ggnet2 function is a visualization function to plot network objects as
ggplot2 objects. It accepts any object that can be coerced to the
network class, including adjacency or incidence matrices, edge lists, or one-mode
igraph network objects.
R already provides many ways to plot static and dynamic networks, many of which are detailed in a beautiful tutorial by Katherine Ognyanova.
All of these tools, however, require to use a new graph syntax, either within or outside of
R, in order to create new network objects with the appropriate properties for plotting.
Instead, for the many users who are familiar with the
ggplot2 package, it might be interesting to use a syntax that comes close to its “grammar of graphics” to process and plot network data, in the same format as was used for network analysis.
This idea motivated the very first version of
ggnet, by Moritz Marbach, and is also motivating the development of
geom object for network data structured as data frames, by Sam Tyner and Heike Hofmann.
ggnet2 is an improved version of
ggnet. Both functions are available from the
GGally package or as standalone functions.
ggnet2 brings several improvements that convey additional control over all plotting parameters.
ggnet2 is available through the
Or it can also be installed from its standalone package:
library(network) library(sna) library(ggplot2)
ggnet2 suggests the following packages:
RColorBrewerpackage is installed,
ggnet2will be able to use ColorBrewer palettes to color network nodes.
intergraphpackage is installed,
ggnet2will be able to process one-mode networks objects created with the
In this vignette, “nodes” designate the vertices of a network, and “edges” designate its ties. Readers who are not familiar with network terminology might want to consult a handbook such as Networks. An Introduction, by Mark Newman.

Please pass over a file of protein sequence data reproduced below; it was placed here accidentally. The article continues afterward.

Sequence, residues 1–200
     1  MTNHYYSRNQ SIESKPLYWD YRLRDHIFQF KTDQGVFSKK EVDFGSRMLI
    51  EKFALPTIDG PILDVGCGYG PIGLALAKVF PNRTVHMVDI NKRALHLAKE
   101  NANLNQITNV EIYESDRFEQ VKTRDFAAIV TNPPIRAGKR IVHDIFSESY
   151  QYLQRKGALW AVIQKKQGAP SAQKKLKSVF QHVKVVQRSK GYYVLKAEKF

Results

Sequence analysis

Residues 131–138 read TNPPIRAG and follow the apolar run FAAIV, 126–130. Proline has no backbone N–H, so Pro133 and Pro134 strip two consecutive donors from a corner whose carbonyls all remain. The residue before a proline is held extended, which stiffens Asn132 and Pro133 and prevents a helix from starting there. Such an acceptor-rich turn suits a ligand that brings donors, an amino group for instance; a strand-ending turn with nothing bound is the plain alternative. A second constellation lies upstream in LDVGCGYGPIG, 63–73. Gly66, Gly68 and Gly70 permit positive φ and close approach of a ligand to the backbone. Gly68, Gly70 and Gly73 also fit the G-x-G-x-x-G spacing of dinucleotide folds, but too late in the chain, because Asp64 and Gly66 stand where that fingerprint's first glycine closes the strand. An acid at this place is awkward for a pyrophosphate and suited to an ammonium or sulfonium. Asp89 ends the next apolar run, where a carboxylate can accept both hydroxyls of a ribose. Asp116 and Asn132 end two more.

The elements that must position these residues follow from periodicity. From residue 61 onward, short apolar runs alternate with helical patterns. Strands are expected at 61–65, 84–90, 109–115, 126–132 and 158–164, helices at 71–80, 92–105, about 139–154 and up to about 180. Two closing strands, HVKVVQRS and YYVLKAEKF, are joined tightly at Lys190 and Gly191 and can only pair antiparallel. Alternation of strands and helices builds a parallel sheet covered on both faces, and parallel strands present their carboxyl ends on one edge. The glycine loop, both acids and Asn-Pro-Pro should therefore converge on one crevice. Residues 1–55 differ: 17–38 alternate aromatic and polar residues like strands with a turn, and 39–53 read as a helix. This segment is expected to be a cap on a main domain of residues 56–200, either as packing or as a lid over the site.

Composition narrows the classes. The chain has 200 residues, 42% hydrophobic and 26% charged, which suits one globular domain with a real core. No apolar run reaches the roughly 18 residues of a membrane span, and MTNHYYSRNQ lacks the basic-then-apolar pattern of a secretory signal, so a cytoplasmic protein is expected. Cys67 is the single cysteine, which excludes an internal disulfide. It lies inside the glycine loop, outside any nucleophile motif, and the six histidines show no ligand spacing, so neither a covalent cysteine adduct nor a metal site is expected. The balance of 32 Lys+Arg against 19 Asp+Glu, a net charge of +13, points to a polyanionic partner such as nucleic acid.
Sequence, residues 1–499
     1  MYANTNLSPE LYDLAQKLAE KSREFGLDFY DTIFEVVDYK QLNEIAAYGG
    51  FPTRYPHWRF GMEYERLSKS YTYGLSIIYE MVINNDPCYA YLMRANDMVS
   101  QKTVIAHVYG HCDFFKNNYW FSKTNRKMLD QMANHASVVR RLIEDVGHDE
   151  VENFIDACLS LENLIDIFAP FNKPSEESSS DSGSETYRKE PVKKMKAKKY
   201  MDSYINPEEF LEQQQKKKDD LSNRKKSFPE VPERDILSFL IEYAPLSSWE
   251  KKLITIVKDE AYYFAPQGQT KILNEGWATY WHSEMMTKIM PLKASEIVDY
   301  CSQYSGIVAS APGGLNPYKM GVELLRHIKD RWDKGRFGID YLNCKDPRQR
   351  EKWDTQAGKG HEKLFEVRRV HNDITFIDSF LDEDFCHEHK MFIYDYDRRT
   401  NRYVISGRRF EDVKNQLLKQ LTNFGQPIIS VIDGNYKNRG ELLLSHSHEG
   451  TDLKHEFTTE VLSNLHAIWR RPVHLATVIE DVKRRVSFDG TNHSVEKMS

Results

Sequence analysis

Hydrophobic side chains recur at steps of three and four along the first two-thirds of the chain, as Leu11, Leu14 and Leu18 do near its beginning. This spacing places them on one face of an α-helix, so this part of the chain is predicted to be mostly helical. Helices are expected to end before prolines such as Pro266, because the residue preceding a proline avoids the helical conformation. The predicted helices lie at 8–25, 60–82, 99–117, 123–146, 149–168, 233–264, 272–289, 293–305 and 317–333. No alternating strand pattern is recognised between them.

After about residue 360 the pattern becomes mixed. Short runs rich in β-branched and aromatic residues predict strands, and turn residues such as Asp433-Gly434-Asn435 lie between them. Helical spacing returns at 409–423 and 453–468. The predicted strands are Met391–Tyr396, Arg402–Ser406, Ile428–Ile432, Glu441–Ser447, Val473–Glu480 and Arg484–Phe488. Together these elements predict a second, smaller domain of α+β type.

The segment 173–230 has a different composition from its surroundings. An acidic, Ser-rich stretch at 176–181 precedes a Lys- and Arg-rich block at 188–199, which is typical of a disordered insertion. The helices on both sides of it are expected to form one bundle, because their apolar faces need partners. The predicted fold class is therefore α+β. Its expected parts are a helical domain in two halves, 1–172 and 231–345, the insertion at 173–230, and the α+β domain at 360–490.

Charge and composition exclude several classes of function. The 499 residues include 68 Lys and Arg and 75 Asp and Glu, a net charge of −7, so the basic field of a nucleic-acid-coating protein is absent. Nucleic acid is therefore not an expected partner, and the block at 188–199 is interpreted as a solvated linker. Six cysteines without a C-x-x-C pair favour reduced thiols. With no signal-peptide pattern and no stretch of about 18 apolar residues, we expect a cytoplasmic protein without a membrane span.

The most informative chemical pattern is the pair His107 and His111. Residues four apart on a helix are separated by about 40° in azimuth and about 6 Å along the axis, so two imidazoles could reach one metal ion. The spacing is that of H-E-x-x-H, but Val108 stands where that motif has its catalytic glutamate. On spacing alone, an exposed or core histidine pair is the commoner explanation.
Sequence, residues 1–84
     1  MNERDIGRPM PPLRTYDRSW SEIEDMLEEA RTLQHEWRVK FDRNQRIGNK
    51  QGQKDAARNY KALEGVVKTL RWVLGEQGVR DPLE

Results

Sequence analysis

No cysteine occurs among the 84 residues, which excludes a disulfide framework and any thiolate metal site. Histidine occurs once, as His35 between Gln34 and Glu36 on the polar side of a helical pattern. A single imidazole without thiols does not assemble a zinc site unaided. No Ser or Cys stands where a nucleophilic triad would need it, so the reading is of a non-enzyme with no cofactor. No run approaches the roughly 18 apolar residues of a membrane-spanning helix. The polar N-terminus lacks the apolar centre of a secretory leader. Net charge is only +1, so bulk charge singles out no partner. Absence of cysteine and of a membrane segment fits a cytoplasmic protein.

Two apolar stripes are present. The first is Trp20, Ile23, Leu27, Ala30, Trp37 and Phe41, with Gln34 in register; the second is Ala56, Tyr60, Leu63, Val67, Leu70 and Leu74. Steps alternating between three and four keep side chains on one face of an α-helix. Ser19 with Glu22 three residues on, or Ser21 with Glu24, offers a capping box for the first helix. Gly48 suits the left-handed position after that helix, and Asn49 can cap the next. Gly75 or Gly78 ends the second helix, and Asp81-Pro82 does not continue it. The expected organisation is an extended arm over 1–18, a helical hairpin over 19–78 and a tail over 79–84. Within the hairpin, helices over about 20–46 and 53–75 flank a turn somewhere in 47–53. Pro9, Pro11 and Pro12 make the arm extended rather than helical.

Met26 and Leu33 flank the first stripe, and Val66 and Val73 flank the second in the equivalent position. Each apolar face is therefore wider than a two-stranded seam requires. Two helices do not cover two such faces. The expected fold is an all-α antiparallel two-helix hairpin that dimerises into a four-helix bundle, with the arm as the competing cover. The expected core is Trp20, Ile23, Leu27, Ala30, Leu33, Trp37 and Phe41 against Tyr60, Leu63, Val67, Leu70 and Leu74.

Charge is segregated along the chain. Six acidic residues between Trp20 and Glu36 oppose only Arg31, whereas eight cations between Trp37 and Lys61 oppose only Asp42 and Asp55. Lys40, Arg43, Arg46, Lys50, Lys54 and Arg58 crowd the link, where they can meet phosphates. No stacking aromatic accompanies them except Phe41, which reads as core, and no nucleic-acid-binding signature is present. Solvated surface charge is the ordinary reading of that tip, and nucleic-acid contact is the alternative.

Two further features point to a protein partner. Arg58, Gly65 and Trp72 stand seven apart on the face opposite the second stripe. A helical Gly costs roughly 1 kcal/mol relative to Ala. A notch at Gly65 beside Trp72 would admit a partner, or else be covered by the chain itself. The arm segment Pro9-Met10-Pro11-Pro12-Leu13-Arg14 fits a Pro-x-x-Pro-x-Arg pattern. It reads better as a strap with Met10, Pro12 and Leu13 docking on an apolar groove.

Most of this vignette is organized around two simple network examples:
The vignette also contains a section that illustrates some additional capabilities of
ggnet2, and another section showing two additional examples of real-world networks plotted with
ggnet2. It closes on known limitations of
Let’s start with an undirected Bernoulli random graph, with 10 nodes named “a, b, …, i, j”, and a rather high likelihood of an edge to exist between them:
# random graph net = rgraph(10, mode = "graph", tprob = 0.5) net = network(net, directed = FALSE) # vertex names network.vertex.names(net) = letters[1:10]
This graph can be visualized with
ggnet2 without any further work:
net argument is the only compulsory argument of
ggnet2. It can be a
network object or any object that can be coerced to that class through its
edgeset.constructors functions, such as adjacency matrixes, incidence matrixes and edge lists.
The most basic properties that one might want to change at that stage are the size and color of the nodes, or the size and color of the edges. Let’s modify each of these properties:
ggnet2(net, node.size = 6, node.color = "black", edge.size = 1, edge.color = "grey")
The vertex-related arguments of
ggnet2 start with
node, and its edge-related arguments start with
node.size arguments can be abbreviated:
ggnet2(net, size = 6, color = "black", edge.size = 1, edge.color = "grey")
It also possible to pass a vector of node colors directly to
ggnet2, as long as it has the same number of elements as the network has nodes:
ggnet2(net, size = 6, color = rep(c("tomato", "steelblue"), 5))